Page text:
- EVE Online is an MMORPG with an almost entirely player-run economy. Economic activities the players can participate in range from trading to manufacturing to extortion to mercenary work. There have been several examples of player run banks. A player actually owned and ran an investment scam in EVE. He successfully ran off with all of the money that people entrusted to him, which came out to approximately $170,000 real American dollars. The game in fact features a bid/ask listing◊ and a graphic view◊ not unlike those of real technical analysis tools.
- Its gotten to a point that it is often described as an economy simulator with a space ship mini-game.
- World of Warcraft is an odd case. For the most part, you can level from 1 to max level without even touching the Auction House. However at max level, unless you have an alt or friend who can make it for you, you will be scanning the AH for a lot, including glyphs, weapon and armor enchantments, the ever rare (and expensive) Bind on Equip items, materials and recipes for you own professions, and vanity pets and mounts.
- City of Heroes had an auction system that had become MONSTROUSLY inflated over the years, despite the Dev Team's best efforts.
- Star Wars: Galaxies's economy is almost entirely player-driven with only a handful of items coming from loot. Many of these loot items are components need by crafter professions to make armor and weapons.
- New Worlds Ateraan has this, as well as the 'crafter classes' - Merchants and Traders - who control much of the economy.
- A major selling point of Wurm Online.
- Animal Jam features trading as one of the main (and for some items, only) method of obtaining clothing or furniture that can't either be purchased from the in-game stores, or earned as an adventure reward.
- In mobile game Fantasica TCG, tradable brown Time Elixir and green Potion are used as currency for purchasing, trading units or auctions between players. The pricing of the units and items are purely determined by the communities and the sellers.
- The Elder Scrolls Online facilitates trading through guild traders, special kiosks that can be rented and operated by guilds and used by any of their members to post items for sale. They also have fraud-safe ways to trade face to face or by mail. It's common for players to build up stacks of materials or hunt rare items just to turn around and sell them for gold. Various items can't be traded however, including some of the best equipment and anything purchased with real money (via "crowns"). So in theory you can't pay to win, although players loose with their cash may use the crown store to save a bit of gold here and there.
- Guild Wars has a player economy that mostly takes place in chat and on websites due to the lack of an auction house. Pricing on consumable, luxury items, and end-game tokens tends to be fairly consistent. High-end trades are conducted using Ectoplasm, a high-end crafting material, with its market price reflecting its current value at the NPC material trader.
- The use of ectoplasm is necessitated by the fact that the standard gold/platinum currency has a cap of 100 platinum per character and the account-wide bank has a cap of 1000 platinum. Ectoplasm serves as an alternative liquid asset to store any cash overflow. Prices on high-end items rise due to the increased spending power of players, often leading to high-end items being worth more than the 100 platinum cap.
- Late in the game's life Zaishen Keys gained some utility as an alternate currency. Earned from daily quests and used to open a bonus chest and advance an achievement, their effective value usually runs lower than ectoplasm by a few platinum.
- A small-scale economy exists in Pre-Searing Ascalon, a tutorial area inaccessible from the main game. It's primarily a trade in luxury goods such as dyes, which are more common in this area, and miniature pets. As Ectoplasm is not available, the rare black dye is used as a substitute currency.
- Final Fantasy XIV has a situation similar to WoW in that you can charge through the entire Main Story Quest without hitting the Market Board, but should you desire something that looks better on you and you can't craft or have someone who can, you're going to be hitting the Board. The most notable items are special replica items based on items a player can pick up from certain boss fights or raids. These items are essentially for those who aren't good enough to attempt the events or even just have shitty luck going after them and are clearly there for looks rather than combat potential.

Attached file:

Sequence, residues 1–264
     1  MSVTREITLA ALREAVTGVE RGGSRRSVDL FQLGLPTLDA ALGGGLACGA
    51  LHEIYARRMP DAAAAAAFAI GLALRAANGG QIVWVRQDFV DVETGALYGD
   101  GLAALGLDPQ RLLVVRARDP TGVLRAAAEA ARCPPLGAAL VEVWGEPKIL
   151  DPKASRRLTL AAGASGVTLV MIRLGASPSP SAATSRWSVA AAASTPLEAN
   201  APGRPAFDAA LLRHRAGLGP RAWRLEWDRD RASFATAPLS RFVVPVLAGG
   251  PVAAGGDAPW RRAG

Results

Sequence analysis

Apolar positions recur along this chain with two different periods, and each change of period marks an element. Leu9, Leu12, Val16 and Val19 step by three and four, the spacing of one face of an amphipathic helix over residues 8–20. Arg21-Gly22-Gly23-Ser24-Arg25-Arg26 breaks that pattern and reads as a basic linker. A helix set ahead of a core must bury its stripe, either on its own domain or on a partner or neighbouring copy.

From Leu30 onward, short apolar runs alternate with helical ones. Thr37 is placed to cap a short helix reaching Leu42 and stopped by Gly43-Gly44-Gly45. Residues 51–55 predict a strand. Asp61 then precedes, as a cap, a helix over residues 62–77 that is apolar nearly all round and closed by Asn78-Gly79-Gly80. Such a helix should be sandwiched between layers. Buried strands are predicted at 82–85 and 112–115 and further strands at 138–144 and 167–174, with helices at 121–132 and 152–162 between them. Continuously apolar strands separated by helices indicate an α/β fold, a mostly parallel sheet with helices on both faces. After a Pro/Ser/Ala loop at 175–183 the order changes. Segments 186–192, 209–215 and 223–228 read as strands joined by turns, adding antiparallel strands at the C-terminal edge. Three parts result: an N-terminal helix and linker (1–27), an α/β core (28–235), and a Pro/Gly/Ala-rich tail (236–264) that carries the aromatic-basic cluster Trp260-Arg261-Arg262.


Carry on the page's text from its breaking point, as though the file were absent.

- Warframe does not give away premium currency through missions or daily bonus (instead of price cut coupon to purchase them). Instead, to gain Platinums (the aforementioned premium currency) without spending real cash, players have to sell "prime" parts (usually rare variants of obtainable equipment, which took effort to assemble fully and their availability are rotated, which means that "vaulted" parts cannot be obtained anymore except through trading) and "Ayatan Sculptures" (a rare item that can be used to boost mod cards or simply traded) to other players.
- Dota 2 lets players buy, sell, and trade cosmetic items on the Steam Marketplace. In the past, such items could be obtained via Random Drops after a game, but in later updates, these items were rendered untradeable and unmarketable, so players must now spend some money to participate in the economy. Some extremely rare items, such as Pudge's Dragonclaw Hook and Ursa's Alpine Stalker set, can sell for hundreds or even thousands of dollars.
- Sins of a Solar Empire has a minor example with the metal and crystal market. The market price of metal/crystal is dependent on other players buying and selling that particular resource. For example, sell too much metal too fast, and the metal price will drop like a rock. Buy too much, and the price will skyrocket. A crafty player can use this to sabotage an opponent, who desperately needs one particular resource and depends on the market to get it.
- Neopets has a surprisingly deep market for a virtual pet site. Players set up shops, and the Shop Wizard can search what shops in the world have the lowest prices. There are also in-game shops, which house most of the items that people want most, which random events cannot provide. In addition, it has a trading system which allows people to trade one or more items for one or more items. Then there's also an auction system, which is the only place with no price limits, but at 20 Million between bidders (shops can only sell for prices below 100k neopoints, and 800k neopoints is the maximum you can attach to a trade, without adding items).
- In the nation sim Politics And War resources needed to maintain your nation can be bought or sold in the market entirely player driven. Resources ranges from steel needed to build most improvements and uranium that can be used to run nuclear power plant or build nuclear weapons. Because of this the prices in the market fluctuates overtime, especially during major wars, where prices for vital resources (steel, aluminum, gasoline, ammo) tend to rise very quickly.